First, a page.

Christmas in Europe is taken very seriously. Every country competes with the other in putting up a grand show come December, or sometimes as early as November. Whatever mood Christmas intends to grace, the European Christmas markets do it months earlier. Every market has its own distinct blend of colours and aromas and auras. One of the best things about these vibrant markets is the Gluhwein or Mulled wine. Gluwein, translating into Glowing Wine, is one of the most unforgettable aspects of Christmas Markets of Europe.
Available in grocery stores all over the world, this beaut of a drink is more of a feeling than a beverage. Hence all the Christmas vibes attached to it will be better applied when consumed in that set-up. That one warm mug in between gloves as you walk around the markets in falling ice lifts the moods many shades lighter.
Let me brief you upon the ingredients that go into the making of this Christmas drink. Red wine or white wine made from cherries and blueberries are warmed up in a concoction of floating apples, oranges and lemon. Most importantly spices like cinnamon sticks and star anise are added to it. As if this wasn’t enough, a dash of romantic flavours like sugar and vanilla are added sparingly. Beautiful is it not?
Now let me tell you where to find ’em!
Being Germany’s coronated prince of Christmas markets comes with a lot of charm. Everything about the place is postcard-lit. Gluwein here must obviously celebrate those standards. In each of the markets mentioned below, you pay extra euros that you could later return after your strolling is done and get your money back. Some tourists are thoroughly enamoured by these intricate little mugs and go on collecting them. Tradition dictates them to start with Nuremberg!
Also read: The glorious Christmas markets of Europe
Germany, a land full of curious traditions, has one-upped you again. Look at that peculiar apparatus. That’s mulled wine served with a cone of fiery sugar on top. Dresden’s Striezelmarkt serves generous mugs of this magical drink and it warms its way straight up to your heart. The Wackerbarths Weiß & Heiß, a five-century-old Gluhwein recipe is a must-try too.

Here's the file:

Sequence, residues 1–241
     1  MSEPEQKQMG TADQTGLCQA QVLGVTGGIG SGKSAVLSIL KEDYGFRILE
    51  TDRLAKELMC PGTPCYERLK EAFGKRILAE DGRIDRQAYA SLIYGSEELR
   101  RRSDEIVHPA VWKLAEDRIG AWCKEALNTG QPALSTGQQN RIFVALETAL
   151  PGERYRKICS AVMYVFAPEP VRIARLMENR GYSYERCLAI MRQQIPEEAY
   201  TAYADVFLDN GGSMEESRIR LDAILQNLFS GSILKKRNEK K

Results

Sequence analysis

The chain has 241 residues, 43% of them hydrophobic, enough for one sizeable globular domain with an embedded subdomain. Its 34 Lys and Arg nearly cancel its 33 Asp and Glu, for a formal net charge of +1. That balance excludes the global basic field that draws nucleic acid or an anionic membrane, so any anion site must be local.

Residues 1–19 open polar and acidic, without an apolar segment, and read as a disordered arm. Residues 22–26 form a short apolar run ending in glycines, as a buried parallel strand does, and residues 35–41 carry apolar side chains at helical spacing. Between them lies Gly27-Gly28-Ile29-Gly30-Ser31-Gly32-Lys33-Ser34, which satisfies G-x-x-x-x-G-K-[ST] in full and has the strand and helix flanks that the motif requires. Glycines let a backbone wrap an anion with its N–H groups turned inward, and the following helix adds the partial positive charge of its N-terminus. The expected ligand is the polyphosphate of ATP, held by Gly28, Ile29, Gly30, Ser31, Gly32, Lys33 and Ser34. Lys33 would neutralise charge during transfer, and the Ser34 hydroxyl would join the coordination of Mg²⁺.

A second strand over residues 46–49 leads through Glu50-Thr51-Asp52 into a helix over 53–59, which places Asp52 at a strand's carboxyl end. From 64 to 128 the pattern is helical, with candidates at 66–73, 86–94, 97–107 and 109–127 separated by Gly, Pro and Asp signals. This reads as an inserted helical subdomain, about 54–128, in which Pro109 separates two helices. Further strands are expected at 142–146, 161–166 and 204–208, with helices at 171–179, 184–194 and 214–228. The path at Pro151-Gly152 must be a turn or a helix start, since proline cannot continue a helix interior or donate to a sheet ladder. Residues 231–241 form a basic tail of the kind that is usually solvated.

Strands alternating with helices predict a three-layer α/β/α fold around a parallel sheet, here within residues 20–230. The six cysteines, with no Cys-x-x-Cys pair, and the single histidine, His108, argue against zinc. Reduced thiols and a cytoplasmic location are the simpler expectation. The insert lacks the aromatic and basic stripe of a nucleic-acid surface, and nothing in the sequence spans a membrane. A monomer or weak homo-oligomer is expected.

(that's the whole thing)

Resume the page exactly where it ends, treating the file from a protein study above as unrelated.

Vienna’s beautiful snowy Christmases are no strangers to us. White has splashed everything and red dots the scene with the appearance of Christmas Markets throughout the city, at least 20 of them. Vienna’s Rathausplatz Christmas Market set-up in front of the Neo-Gothic city hall is by-far one of the most famous and the most elaborate one. that is where the best gluhwein in Europe is sold.
Budapest is the trendy, hip child of Central Europe and is the fashion capital of the region. Be it carnivals, pop-ups or Chrismas Markets, food and drink is the soul-centre of the event. With a name like this, do you think anything could go wrong with the Gluhwein in the Christmas markets? Among the wafting smells of kürtőskalács, kolaches, cheesecakes, spiced biscuits, cinnamon fruit competes and a hundred other heart-warming foods, mulled wine reserves it’s spot firmly. Despite all the yummy things that could glide into your tummy, this one is special because you have something warm to hold on to while shopping and something mildly alcohol-y to wash it all down!
Situated in France’s beautiful wine region, Alsace, this place has oodles of German influences. The Christmas Markets in Colmar, hence are cute little weaves of local artisans. Alsatian wines, Foie Grass, brandies and locally produced beers are sold in the markets. Merry-go-rounds and ferry wheels will keep your kids busy while you relax with a warm mug of Gluhwein.
Also read: What do in Paris during Christmas
How can the North Pole not house a special Christmas Market and how can that Christmas Market not have a snug barrel of Gluhwein in it? Christmas+food+wine+warm folks+Northern lights. Need I say more?